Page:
Introduction to Classes, Class Declaration and Objects


 

In last article we talked about PHP’s development history in context of Object Oriented Programming. The aim of this article is understand how PHP implements basic OOP concepts like Creating objects, Methods etc.

Classes and Objects

As you must already know classes define objects. A class is a group of items that share common attributes. Like a watch. An object is an instance of a class. For example, Rolex is an instance of watch class. In programming terms we can say “A Class is a code block that is used to generate objects”. If you are not familiar with basic concepts of Object Oriented Programming I’d recommend you to go through a few introductory articles on it. Here is the link to Wikipedia.

Creating Classes in PHP

Declaring classes is very easy. Each class declaration must begin with class keyword followed by class name. The code block of every class is enclosed within braces.

Class watch {
//Code for class
}

With the above code we have successfully declared a “type” of information. It certainly is of no use right now but this is how we start.

Creating Objects

As I said earlier, objects are instances or in more simple words an item of the category we refer to as class (Rolex can be categorized under Watches). Let’s us define that in code. Below is the how we define objects in PHP.

$rolex = new watch();

Yep. It’s that simple, like any other modern high level language. We use the new operator followed by the class name to generate an object. Now we have a $rolex object defined. But as the watch class itself is pretty un-useful, its instance rolex will reflect the same behavior.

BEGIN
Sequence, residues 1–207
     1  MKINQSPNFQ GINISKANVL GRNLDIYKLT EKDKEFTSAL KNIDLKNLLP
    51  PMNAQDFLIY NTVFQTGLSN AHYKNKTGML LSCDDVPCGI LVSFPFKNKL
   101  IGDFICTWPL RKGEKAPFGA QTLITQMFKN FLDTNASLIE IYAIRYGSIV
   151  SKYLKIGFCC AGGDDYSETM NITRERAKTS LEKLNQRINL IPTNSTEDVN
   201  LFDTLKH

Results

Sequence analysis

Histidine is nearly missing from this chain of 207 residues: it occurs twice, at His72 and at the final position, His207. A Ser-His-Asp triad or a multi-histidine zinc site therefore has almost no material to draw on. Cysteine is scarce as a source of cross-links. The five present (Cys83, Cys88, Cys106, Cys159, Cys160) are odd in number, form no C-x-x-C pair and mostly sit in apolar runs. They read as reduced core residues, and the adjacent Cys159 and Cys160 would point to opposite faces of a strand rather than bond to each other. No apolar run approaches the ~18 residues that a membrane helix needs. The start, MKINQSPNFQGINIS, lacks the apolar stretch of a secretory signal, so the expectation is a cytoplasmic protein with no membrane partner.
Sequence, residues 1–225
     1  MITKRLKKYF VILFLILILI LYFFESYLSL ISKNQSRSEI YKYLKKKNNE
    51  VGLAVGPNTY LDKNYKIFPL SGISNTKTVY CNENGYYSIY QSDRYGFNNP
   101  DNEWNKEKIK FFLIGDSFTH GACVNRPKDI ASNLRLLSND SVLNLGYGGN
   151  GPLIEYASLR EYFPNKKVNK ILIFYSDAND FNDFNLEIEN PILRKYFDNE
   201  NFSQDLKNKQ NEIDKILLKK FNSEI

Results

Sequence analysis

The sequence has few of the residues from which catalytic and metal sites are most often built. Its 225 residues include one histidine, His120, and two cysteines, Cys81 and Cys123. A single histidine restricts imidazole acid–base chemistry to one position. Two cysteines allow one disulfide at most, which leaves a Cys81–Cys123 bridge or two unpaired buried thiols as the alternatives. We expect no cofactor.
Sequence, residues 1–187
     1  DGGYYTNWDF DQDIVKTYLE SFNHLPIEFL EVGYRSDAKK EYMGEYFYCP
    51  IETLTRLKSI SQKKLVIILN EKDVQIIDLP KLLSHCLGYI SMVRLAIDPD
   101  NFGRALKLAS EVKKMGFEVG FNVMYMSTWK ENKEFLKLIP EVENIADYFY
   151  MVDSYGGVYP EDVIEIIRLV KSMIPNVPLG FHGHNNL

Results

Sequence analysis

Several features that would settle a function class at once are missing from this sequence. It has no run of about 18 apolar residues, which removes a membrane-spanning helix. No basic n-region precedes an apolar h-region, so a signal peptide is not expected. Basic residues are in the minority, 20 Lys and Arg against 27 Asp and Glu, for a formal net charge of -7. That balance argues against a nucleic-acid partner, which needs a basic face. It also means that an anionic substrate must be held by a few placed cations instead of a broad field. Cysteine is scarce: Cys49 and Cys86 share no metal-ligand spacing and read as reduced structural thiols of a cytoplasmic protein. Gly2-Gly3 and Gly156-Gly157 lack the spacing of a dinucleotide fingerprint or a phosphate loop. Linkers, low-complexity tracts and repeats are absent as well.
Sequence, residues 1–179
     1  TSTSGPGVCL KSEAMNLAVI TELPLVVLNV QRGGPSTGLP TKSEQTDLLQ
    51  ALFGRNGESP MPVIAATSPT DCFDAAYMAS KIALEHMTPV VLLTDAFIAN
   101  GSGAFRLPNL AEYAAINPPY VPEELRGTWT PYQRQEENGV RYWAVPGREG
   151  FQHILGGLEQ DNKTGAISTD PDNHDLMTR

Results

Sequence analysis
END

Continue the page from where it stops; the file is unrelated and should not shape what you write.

We can define as many instances of a class as we like. Would you not like to have more watches? I would. Let us define one more.

$omega = new watch();

Even though nothing beats Rolex, it is always good to have options. ;)

PHP identifies each of these objects via its own unique identifiers. These identifiers only live as long as the object. To know what identifier an object has been assigned, you can use var_dump().

Var_dump($rolex);
Var_dump($omega);

Output:

object(watch)[1]

object(watch)[2]

The numbers in square bracket are respective identifiers.

Class Properties & Methods

By now you know how to define classes in PHP but do you really? The Watch class in its present form is of no use (and so is our rolex). Each class primarily has two features: properties and methods. Properties are the variables defined inside classes to hold data and Methods are special functions declared inside classes to perform tasks.

Properties

Properties vary from object to object. So, the value of price property of watch class will vary in rolex and omega objects.

Property declaration is similar to variable declaration except that each property must be preceded with its scope. A property can be public, protected or private.

We will discuss each scope in detail in later articles, let us first learn how to define these properties.

Class watch {
    Public $price = 0;
    Public $name = ”undefined watch”;
}

The above code defines three properties for watch class with default values. These properties can be accessed via object instances. To access these properties we use “->” character after the object name followed by the property name.

$rolex = new watch();
$rolex->name = “Rolex”;
$rolex->price = 8000;
$omega = new watch();
$omega->name = “Omega”;
$rolex->price = 6000;

All public properties can be assigned, read and updated directly. Hence each object can be identified with a unique name value.

PHP also allows us to dynamically declare object properties (i.e. we can use an arbitrary new property which hasn’t been defined in class structure and assign a value).

$rolex->model = “118238”;

But I would not recommend doing so; no developer would as this introduces a chance of producing inconsistent type/classes. For this reason this strategy is almost never used in practice.